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Herpes Coconut Oil Treatment

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Science confirms the healing potential of coconut oil because of its antimicrobial properties. However, no medical studies support using coconut oil as a herpes treatment.

In 2001, the medical journal Asian Pacific Journal of Tropical Medicine published a six page review of the medicinal and healing potential of the coconut. Coconut water, coconut oil, and other parts of the coconut were found to have antimicrobial, antiviral, antioxidant, and several other health benefits. Because of the potential of the coconut to prevent and heal disease, several alternative and natural healing websites and forums lay claim that coconut oil heals herpes, or that coconut oil is a herpes treatment. However, there is no clinical proof to support these claims.

Is coconut oil a treatment for herpes?

Virgin coconut oil is considered a healthy fat. The lauric acid in virgin coconut oil is an medium chain fatty acid (MCFA) which converts to monolaurin in the body. Monolaurin, or glyceryl laurate, is also found in human breast milk. It has anti-microbial properties which help fight against infection. Coconut oil and fat is considered to be the closest to the fat in mother’s milk.

Mary G. Enig, Ph.D., mentioned herpes as one of the viruses that monolaurin offers protection against at a symposium in which she spoke in 1996.

Dr. Mary T. Newport, M.D., states that “the lauric acid (C:12) and capric acid (C:10) found in coconut oil kill herpes family of viruses by dissolving the lipid capsule around the virus.”

There appears to be anecdotal evidence to support the suggestion that coconut oil may be a treatment for herpes, but no randomized, double-blind, placebo- controlled medical studies have been done to confirm these claims.

What is herpes?

Herpes is a virus, known as either herpes simplex virus- 1 (oral herpes) or herpes simplex virus- 2 (genital herpes).

Oral herpes, or HSV-1, is experienced by over 80% of children and young adults, according to Johns Hopkins Medicine Health Library. The oral herpes virus is commonly known as fever blisters or cold sores. These sores occur in or around the mouth. They start out as painful red and white blisters which burst, then heal over with yellowish, crusty scabs.

Herpes simplex virus- 1 is spread by kissing and sharing personal items like toothbrushes, drinking straws, cigarettes, and sports bottles.

Genital herpes, on the other hand, is a sexually-transmitted disease (STD). Currently, one in four sexually active teens and adults have herpes simplex virus- 2, according to the Centers for Disease Control and Prevention. It can only be spread by direct skin-to-skin sexual contact with someone who has the disease. it can be transferred between outbreaks, and often the infected partner is not aware he or she has the disease before transferring it.

Genital herpes outbreaks start out as a red skin rash in the genital area. The red bumps burst, form blisters, ooze, and scab over. The first outbreaks are usually the most painful and occur frequently. Over time, the time between outbreaks increases and the associated pain decreases.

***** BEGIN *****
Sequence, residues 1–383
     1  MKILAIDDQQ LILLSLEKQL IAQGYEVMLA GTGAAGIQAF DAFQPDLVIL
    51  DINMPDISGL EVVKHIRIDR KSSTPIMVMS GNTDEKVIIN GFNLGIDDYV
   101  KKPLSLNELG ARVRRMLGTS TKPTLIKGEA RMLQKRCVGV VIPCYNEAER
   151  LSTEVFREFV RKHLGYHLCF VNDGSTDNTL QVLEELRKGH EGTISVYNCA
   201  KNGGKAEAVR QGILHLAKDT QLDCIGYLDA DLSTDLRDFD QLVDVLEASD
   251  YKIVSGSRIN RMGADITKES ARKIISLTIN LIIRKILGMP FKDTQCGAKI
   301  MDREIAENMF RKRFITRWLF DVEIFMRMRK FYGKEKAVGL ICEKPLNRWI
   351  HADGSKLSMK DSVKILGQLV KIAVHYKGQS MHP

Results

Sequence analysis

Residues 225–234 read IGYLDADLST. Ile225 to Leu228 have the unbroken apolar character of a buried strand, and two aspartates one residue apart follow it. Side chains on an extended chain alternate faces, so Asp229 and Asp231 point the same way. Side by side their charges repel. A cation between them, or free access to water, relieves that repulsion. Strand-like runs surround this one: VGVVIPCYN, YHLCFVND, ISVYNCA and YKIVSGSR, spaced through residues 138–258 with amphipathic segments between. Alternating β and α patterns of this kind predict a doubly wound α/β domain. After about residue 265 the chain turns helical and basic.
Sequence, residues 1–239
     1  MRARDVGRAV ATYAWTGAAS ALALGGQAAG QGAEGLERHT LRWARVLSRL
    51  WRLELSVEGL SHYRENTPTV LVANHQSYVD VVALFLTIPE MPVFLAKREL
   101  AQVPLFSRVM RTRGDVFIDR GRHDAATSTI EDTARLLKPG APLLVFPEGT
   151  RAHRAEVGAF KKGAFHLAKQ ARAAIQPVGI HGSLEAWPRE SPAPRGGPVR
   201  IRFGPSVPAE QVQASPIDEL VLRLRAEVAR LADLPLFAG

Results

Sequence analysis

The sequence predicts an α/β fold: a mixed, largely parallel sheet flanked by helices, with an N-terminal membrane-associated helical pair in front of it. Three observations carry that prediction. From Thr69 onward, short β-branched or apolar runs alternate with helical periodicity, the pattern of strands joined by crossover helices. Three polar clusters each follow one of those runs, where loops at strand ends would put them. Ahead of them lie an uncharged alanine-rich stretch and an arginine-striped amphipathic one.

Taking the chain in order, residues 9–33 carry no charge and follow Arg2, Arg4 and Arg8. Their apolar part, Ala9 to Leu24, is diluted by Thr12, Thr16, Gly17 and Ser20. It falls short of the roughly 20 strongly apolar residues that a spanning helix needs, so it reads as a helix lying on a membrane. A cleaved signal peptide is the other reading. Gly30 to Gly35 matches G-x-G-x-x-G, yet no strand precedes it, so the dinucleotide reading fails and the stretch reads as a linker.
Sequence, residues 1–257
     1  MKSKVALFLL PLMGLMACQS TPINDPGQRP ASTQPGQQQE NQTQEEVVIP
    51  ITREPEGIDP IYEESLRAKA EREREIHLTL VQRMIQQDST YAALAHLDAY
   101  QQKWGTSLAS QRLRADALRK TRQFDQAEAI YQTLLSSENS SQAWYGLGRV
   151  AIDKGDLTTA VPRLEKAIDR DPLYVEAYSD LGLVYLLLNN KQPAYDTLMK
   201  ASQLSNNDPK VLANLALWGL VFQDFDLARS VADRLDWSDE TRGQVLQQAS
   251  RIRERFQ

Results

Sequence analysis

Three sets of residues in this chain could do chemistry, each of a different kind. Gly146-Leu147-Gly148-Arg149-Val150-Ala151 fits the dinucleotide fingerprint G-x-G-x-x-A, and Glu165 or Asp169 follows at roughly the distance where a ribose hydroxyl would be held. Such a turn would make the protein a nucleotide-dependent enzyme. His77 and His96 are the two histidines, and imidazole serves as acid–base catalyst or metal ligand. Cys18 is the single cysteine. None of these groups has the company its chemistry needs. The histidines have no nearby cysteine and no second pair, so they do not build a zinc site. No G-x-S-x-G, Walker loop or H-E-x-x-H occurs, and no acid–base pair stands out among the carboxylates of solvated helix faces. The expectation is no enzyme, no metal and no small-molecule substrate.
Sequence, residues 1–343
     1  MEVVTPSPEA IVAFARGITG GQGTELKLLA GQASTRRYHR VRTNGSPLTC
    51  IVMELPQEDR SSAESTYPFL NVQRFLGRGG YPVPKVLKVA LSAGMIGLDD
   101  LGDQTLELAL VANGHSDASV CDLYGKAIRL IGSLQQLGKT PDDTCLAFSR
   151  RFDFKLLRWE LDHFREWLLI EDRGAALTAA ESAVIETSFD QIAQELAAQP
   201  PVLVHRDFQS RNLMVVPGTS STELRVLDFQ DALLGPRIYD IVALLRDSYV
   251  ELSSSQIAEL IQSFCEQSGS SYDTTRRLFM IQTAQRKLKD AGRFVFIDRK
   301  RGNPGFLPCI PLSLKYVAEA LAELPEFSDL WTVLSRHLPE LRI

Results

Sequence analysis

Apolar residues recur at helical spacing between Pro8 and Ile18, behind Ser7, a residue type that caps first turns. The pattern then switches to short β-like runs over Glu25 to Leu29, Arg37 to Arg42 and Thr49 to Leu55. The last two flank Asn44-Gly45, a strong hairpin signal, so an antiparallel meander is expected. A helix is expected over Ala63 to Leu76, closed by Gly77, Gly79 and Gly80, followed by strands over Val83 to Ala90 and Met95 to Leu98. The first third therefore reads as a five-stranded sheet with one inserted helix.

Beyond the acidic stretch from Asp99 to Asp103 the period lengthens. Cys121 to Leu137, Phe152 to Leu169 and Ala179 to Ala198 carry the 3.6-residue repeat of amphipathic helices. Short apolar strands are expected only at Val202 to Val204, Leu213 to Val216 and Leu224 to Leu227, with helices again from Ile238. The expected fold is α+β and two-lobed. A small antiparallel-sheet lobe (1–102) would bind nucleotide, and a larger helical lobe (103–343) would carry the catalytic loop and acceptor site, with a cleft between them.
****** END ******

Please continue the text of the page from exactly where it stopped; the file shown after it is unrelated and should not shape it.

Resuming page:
Once a person is infected with either oral or genital herpes, the virus stays in the body forever. There is no cure for herpes.

“Dosage” phrase suggests coconut oil cannot treat herpes

One of the early researchers on coconut oil was Dr. John Kabara. Dr. Kabara studied the drug-like qualities of various fatty acids, including the lauric acid found in virgin coconut oil. His research showed that the monolaurin found in coconuts does fight “germs,” including viruses. Monolaurin does dissolve the fatty membranes surrounding certain viruses, including the herpes simplex viruses.

However, Dr. Kabara stated that in order to be an effective treatment against herpes, 300-900 ml coconut oil would have to be consumed daily. This amount converts to between ten and thirty ounces, or eating up to a full quart of virgin coconut oil every day. Dr. Kabara recommended lauric acid in supplement form rather than eating large amounts of virgin coconut oil.

Coconut oil does heal skin wounds faster

A 2010 clinical study published in Skin Pharmacology and Physiology revealed that applying virgin coconut oil to skin wounds on rats sped up the healing time. After ten days, an increased level of antioxidants was observed, which returned to normal levels in two weeks. Although rat model results do not automatically imply that the same effect would occur in humans, the results to suggest further study.

The importance of consuming "virgin" coconut oil

Coconut oil is made from copra, the dried meat (kernel) of the coconut. Most copra is dried by smoking, kiln-drying, or sun-drying in unsanitary conditions. To get the impurities out, most commercial coconut oil must be refined by bleaching and deodorizing it. Sodium hydroxide (lye) is added to prolong the shelf life, and then the coconut oil is either hydrogenated or partially hydrogenated. This type of coconut oil contains trans fats, and should never be used.

Virgin coconut oil does not use copra. The coconut meat is not refined or heated. The oil is pressed either after quick-drying the coconut meat or while it is still wet, allowing the oil to separate from the water. Unrefined, wet-milled virgin coconut oil is the highest in antioxidants.


Pubmed.gov, “Coconut (Cocos nucifera L.: Arecaceae): in health promotion and disease prevention,” by M. DebMandal and S. Mandal. Asian Pacific Journal of Tropical Medicine. 2011 Mar;4(3):241-7.

Pubmed.gov, “Antioxidant capacity and phenolic acids of virgin coconut oil,” by A.M. Marina, et al. International Journal of Food Science and Nutrition. 2009;60 Suppl 2:114-23.

Health Impact News Daily.com, “New Research Highlights High Antioxidant Activity of Traditionally Made Coconut Oil"

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